In response to a request from the Western Territory, Colonel Henry Gariepy (R) has completed a manuscript to be published early in 1998 on The Salvation Army’s 100 years in Alaska. The work chronicles the colorful pioneer days during the Gold Rush, the ongoing development among Native Alaskans, and the extension of its ministries up to the present time.
As part of his research, Gariepy recently did an extended tour of some of the historic villages of Southeast Alaska to interview those who knew, or are descendants of, the early Salvationists. “Visits with native Alaskans,” says the Colonel, “helped breathe life into the pages and opened new windows of insight and information. The Salvation Army’s heroic evangelism in this Last Frontier is one of the most captivating and inspiring sagas of Army history.”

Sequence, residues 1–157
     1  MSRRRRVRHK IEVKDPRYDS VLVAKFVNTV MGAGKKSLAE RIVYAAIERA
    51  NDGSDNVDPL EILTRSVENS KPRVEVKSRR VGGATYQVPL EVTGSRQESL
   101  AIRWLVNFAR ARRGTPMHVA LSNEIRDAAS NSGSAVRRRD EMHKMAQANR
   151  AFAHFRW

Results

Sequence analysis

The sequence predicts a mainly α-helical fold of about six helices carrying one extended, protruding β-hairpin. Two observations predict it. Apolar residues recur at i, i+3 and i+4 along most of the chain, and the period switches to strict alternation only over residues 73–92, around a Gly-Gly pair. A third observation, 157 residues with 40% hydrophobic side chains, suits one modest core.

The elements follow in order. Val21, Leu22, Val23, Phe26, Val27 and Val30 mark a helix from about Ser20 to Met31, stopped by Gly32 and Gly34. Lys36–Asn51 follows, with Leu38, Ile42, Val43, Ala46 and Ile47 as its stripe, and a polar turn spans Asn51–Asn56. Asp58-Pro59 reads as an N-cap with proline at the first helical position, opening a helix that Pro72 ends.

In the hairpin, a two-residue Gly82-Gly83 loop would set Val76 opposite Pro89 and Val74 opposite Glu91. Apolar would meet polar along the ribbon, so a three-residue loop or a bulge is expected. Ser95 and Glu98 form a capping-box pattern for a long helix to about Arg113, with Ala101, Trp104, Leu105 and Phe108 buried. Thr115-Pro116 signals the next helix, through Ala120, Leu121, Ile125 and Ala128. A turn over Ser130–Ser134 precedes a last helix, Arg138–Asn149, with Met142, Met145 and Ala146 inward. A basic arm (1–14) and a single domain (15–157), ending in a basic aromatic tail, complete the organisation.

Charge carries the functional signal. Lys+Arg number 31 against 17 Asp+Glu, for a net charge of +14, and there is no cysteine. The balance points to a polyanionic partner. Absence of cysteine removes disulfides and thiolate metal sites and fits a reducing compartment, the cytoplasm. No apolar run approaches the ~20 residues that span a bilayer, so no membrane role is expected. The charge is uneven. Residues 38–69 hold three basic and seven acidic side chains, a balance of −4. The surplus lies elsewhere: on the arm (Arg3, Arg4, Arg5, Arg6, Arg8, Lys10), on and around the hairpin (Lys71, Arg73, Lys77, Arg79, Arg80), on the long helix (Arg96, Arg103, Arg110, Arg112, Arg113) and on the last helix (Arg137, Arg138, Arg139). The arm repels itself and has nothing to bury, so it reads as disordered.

Accompanying the Colonel, and coordinating his visit, was Major Dorothy Rivitt (R), whose intimate knowledge of Alaska and its people was gained from having served there for all but seven of her 36 years of officership. Major Harold Brodin, divisional commander for Alaska, also shared in part of the visits.
“It is our hope,” says Brodin, “to preserve our heritage, and that from this historical perspective, replete with its stirring visual images, will emerge a springboard to seize the great opportunities for the future of our ministry in the Great Land.”
The Western Territory Museum, directed by Frances Dingman, has been one of the principal sources of archival data and photos for the book.